With its small population, Cayman can’t afford to ignore the talents of half its citizens, trapped below glass ceilings for want of a sensible education strategy. The complainers can’t afford to waste time bitching about competition from foreigners. What they should be doing instead is a) urging their MLAs to improve school standards of reading, writing and speech, and b) improving their own. What Cayman needs is not more schools or fancier schools or smaller classes, but a strategic program aimed at achieving a decent level of literacy.

I spent four of my formative years in a school that was a one-room shack without electricity. An inexperienced teacher taught twelve of us in four age-groups. Some older Caymanians can identify with that experience; and most of them probably read, write and speak better than their grandchildren. Those tiny schools’ strategy called for the teaching of proper grammar, proper spelling, proper punctuation, and proper word-meanings. How bad do things have to get before we return to that?

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  1. Caybonics says:

    Hooct awn fawnix werkt fer mee!

  2. Anonymous says:

    We can’t expect to have a high level of literacy in a country where direct taxes are non-existent.  In countries where pre-school is free and public schools are well-established this problem is much less prevalent.

  3. Wow! says:

    I’ve just now realised what a terrible place Cayman is.  I think I shouldn’t stay here.

    • Anonymous says:

      It is not terrible – just perhaps different from what one is used to, especially if one comes from a larger place.

      It certainly is not for everyone.

  4. whodatis says:

    Folks, the real issues here are percentages and perceptions.

    We in Cayman are a complete society – meaning all of the possible socio-economic levels, as exists in every other country (Britain included), are clearly visible. There appears to be a ridiculous onus placed upon us Caymanians to break away from the natural order of things – of any given society / country! We should ALL somehow become Ivy league graduates upon a glorious completion of our studies at Eton?!

    Please everyone – do some research into your own societies. Examine your own statistics in regards to tertiary educational levels and standards (yes, this level is relevant because we are inherently discussing such circles.) Furthermore, make an HONEST assessment of the true standing in the common, everyday customs / attitudes / personality / mindset / socio-economic plight of your own people.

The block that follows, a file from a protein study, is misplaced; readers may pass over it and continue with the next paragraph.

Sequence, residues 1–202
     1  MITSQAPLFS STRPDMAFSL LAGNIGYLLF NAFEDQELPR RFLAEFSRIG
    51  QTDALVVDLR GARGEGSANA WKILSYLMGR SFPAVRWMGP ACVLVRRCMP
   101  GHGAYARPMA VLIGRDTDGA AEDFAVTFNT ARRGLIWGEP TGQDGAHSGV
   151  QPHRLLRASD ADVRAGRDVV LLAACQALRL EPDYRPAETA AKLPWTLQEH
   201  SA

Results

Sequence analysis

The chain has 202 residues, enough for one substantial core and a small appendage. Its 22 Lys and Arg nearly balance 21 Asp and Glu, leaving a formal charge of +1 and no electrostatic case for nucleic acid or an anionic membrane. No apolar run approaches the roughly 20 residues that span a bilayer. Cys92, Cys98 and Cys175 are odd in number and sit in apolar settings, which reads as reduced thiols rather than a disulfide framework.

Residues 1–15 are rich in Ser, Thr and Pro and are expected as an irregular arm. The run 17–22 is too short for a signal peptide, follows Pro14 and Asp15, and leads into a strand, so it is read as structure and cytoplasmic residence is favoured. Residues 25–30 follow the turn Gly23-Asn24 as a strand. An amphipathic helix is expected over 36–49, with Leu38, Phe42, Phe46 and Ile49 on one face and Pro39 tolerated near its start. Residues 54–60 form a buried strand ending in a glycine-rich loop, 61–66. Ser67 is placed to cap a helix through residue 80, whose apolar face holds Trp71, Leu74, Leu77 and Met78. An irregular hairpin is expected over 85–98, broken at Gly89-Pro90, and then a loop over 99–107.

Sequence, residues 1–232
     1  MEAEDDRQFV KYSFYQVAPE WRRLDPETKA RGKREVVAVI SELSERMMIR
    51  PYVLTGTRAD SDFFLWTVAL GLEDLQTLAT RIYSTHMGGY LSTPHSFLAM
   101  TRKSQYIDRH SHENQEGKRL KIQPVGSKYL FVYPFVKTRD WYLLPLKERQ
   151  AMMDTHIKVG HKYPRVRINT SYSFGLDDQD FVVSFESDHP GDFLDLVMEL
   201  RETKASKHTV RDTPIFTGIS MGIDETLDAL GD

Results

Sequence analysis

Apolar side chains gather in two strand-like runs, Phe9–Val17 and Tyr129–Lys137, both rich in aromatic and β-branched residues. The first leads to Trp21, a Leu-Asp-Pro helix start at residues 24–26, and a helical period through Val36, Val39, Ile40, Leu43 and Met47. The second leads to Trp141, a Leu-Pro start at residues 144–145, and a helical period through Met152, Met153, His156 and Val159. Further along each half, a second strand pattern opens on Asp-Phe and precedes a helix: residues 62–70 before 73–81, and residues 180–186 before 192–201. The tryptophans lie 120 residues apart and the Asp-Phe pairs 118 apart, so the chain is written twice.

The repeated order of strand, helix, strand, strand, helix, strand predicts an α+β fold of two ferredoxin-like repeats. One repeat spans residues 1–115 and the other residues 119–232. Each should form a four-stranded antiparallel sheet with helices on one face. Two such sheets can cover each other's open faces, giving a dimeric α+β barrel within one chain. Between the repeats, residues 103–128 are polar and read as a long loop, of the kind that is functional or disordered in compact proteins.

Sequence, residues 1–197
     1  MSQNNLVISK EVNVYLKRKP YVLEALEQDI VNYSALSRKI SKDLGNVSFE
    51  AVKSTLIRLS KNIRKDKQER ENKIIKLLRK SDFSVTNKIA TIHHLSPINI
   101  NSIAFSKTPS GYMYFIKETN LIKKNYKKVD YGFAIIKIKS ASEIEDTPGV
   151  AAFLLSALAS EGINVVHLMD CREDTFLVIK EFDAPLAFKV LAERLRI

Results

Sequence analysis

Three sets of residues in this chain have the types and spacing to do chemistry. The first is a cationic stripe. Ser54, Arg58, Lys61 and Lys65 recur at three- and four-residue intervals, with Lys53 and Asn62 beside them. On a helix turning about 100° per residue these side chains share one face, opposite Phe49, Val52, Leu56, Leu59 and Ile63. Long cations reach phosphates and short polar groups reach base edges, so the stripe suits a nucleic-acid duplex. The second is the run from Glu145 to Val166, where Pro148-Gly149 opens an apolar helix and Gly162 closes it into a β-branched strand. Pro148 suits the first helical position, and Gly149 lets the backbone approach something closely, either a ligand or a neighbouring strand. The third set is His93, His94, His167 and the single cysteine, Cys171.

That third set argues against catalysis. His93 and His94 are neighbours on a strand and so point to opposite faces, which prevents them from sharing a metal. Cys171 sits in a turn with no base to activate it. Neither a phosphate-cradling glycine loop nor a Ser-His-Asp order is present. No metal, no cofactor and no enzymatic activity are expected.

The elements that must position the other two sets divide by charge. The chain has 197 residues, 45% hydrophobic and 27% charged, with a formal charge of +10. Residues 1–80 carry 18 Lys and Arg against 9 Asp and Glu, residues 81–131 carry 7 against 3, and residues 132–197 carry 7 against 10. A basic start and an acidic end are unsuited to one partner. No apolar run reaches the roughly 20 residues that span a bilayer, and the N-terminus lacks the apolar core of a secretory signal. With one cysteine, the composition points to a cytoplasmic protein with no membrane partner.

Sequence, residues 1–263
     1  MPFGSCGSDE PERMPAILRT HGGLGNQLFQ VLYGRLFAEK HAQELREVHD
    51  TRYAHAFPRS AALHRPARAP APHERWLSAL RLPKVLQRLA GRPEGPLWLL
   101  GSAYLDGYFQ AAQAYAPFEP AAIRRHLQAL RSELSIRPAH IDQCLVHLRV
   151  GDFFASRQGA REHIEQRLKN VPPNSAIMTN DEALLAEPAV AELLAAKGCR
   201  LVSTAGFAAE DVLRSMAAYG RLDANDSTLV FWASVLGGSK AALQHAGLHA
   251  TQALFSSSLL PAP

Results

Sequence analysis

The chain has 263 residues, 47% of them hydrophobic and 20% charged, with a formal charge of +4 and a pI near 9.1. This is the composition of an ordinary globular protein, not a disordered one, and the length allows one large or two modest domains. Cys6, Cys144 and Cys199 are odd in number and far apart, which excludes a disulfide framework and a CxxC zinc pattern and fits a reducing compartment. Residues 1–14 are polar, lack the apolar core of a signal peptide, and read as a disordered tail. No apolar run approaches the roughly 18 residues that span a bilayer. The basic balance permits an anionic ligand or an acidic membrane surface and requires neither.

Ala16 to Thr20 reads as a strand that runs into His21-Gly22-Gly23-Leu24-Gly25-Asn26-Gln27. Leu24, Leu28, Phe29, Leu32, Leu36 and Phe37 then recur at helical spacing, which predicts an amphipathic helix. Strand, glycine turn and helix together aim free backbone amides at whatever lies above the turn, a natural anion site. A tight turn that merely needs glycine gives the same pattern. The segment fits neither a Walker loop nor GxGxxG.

The expats that arrive here and work within the higher paid industries in the country are NOT the standard or "ordinary" person from their country.

    Hello!! We have Chinese, Brazilians, Indians, Russians, Zimbabweans, Nigerians and yes even Brits (see previous post for elaboration) in our midsts. At this point take your mind to what is the generally understood reality of the common AVERAGE person from any of the aforementioned nations … exactly!!

    In many instances we have the uppermost layer of the cream of the crop of those respective nations working in our county – if we were to have access or exposure to the AVERAGE individual from whence they came this entire debate would be very different.

    This point has to be driven home and too many of us are missing it!

    Obviously many in our expat community purposely miss the point and ignore the reality from which they come – but if we Caymanians continue to miss this crucial factor of this (and many other) debate(s) then we will continue trodding along with our flawed sense of inferiority which only serves to empower everyone other than ourselves.

    Yes, of course many of us Caymanians speak and express ourselves in colloquial ways – however, we do have our "nerds" and "geeks" that have gone and and will continue to go on and become main participants and in fact leaders within the relevant industries. This entire debate is built on sandy ground – so obviously so it is amazing that more of us fail to realize this fact.

    This, my friends, is the point I am trying to get across (especially to the person below who responded to a few of my earlier posts.)